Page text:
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EHR and health care fraud: Vendors, doctors face charges

Software companies marketed electronic health record (EHR) programs as a way to help better ensure quality patient care. In theory, the software would provide accurate, up to date patient records that were readily available to the treating physician. In reality, flaws in some EHR programs led to dangerous errors.

How serious were the errors?

The government claims flaws in the software led to delays in retrieving patient records. This led to sometimes dangerous delays in care. In other cases, the software mixed up patients’ information or provided incomplete records.

The government states these errors potentially contributed to patient injury and death.

How did the DOJ support claims software companies were guilty of health care fraud?

According to the Department of (DOJ), some software companies were cheating the system. The government put together a certification program to determine which software companies provided an EHR program that benefited the patients. Those that received certification qualified for government benefits. A number of these companies, according to the government, made false claims to receive certification. This led to allegations of health care fraud.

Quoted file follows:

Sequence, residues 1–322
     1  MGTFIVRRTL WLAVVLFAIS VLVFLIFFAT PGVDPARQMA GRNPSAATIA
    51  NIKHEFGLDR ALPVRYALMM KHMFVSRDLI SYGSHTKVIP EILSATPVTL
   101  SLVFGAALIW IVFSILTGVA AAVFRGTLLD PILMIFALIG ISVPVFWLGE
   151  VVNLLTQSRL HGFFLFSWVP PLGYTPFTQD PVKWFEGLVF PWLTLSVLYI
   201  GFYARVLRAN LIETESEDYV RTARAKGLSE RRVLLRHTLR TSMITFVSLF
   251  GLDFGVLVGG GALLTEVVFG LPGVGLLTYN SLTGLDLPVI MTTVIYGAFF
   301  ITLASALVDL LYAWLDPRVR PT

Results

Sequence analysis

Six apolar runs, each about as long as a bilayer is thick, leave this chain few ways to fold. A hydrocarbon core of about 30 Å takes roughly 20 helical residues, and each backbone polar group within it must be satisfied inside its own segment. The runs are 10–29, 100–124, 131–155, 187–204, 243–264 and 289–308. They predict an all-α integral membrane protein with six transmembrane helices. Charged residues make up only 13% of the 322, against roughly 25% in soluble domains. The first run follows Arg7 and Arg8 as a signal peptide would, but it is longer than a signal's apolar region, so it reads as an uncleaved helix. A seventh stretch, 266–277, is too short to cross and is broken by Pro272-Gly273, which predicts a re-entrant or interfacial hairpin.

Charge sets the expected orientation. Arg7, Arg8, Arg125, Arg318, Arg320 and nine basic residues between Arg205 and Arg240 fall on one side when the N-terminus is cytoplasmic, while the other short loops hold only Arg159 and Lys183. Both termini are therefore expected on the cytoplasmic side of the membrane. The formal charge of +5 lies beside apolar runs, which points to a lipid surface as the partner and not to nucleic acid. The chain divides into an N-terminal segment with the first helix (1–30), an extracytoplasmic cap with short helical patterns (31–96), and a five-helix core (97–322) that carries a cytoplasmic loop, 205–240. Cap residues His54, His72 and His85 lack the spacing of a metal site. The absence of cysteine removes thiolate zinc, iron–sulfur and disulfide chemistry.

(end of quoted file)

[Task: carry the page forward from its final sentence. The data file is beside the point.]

When presented with the evidence, multiple EHR software vendors chose to settle the claims instead of defending them in court.

Physicians should also take note, as these government investigations have expanded beyond software vendors and resulted in health care fraud allegations against medical professionals. In some cases, physicians and hospital could receive government benefits for using these programs. The government has filed claims against physicians and hospitals it claims falsely stated they were using the programs.